Sunday, June 24, 2018

Virtue and Moral Philosophy

In Varieties of Goodness, Georg Henrik von Wright has devoted a chapter to the discussion of the philosophy of virtues—he criticizes and departs from the traditional doctrine of virtues proposed by Aristotle and Aquinas. But in her essay, “Von Wright on Virtue,” (Chapter 7; Moral Dilemmas: and other topics in moral philosophy), Philippa Foot suggests that while von Wright is correct in thinking that the topic needs to be reopened and developed there is more to the point of view of Aristotle and Aquinas than he allows.

Explaining von Wright’s objective behind his article on virtue, Philippa Foot writes:
Kant’s dictum about logic—that it had made no real progress since Aristotle—could, he says, be applied with at least equally good justification to the ethics of virtue, and he seems to see the future development of the philosophy of the virtues in terms of radical change. So he sets out to shape a new concept of virtue and one sees how far von Wright is prepared to go in throwing over old doctrines when one realizes that he is happy with a definition which explodes two of the four cardinal virtues of ancient and medieval morality. 
She notes that von Wright seems to be preoccupied with the need to distinguish a virtue, in the sense in which the term is used today, from an art or skill. He is of the view that Aristotle got misled by the peculiarities of the Greek language and failed to see the major gulf that exists between a virtue and an art or skill.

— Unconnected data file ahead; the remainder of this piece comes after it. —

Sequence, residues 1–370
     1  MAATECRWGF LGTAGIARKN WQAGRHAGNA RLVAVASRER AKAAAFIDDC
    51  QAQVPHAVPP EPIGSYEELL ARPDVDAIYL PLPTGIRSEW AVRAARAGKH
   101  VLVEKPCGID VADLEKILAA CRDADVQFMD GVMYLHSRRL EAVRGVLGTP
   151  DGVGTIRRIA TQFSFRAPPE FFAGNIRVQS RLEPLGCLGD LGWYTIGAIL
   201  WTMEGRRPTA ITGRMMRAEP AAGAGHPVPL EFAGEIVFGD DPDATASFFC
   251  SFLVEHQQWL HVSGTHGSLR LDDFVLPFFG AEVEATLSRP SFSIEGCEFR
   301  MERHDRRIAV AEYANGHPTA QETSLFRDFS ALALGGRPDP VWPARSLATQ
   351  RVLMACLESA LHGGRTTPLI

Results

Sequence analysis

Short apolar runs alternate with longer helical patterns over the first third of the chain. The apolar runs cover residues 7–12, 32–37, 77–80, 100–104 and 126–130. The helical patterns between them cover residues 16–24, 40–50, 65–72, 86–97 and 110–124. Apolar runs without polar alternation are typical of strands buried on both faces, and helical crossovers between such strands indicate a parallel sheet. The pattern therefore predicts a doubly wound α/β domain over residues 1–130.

Von Wright’s own answer to the question ‘How does a virtue differ from an art or a skill?’ is as follows. If one possesses a skill, or is master of an art, one has what he calls ‘technical goodness’ and technical goodness is a matter of being good at performing some specific activity, such as running, skiing, or singing. A virtue must be different because there is no specific activity connected with any virtue, and therefore nothing for a man of virtue to be good at
But Philippa Foot says that that von Wright’s thinking that the distinction between arts or skills and virtues depends on the denial that the latter are connected with specific activities is mistaken.
…however close the connection between certain virtues and certain activities a man does not possess the virtue by being good at the activity. The reason for this was indicated quite correctly by Aristotle when he said that in art he who errs voluntarily is preferable, whereas in the matter of wisdom, justice, etc., it is the reverse. Thus, to use Aristotle’s example, a grammarian who commits a solecism on purpose does not give any evidence of deficiency in the art of grammar, whereas no one could rebut a charge of injustice or folly by saying that he chose to act unjustly or foolishly. 
Von Wright has made the argument about considerateness—he says that virtue is a form of self-mastery, or of being considerate. A considerate man knows how to control his selfish impulses so far as these might inference with his judgments about the harm that will come to others through possible action of his. He refers to courage as a virtue most often in his discussion. But Philippa Foot shows that there exists a closer connection between the concept of courage and that of good action than von Wright allows. 

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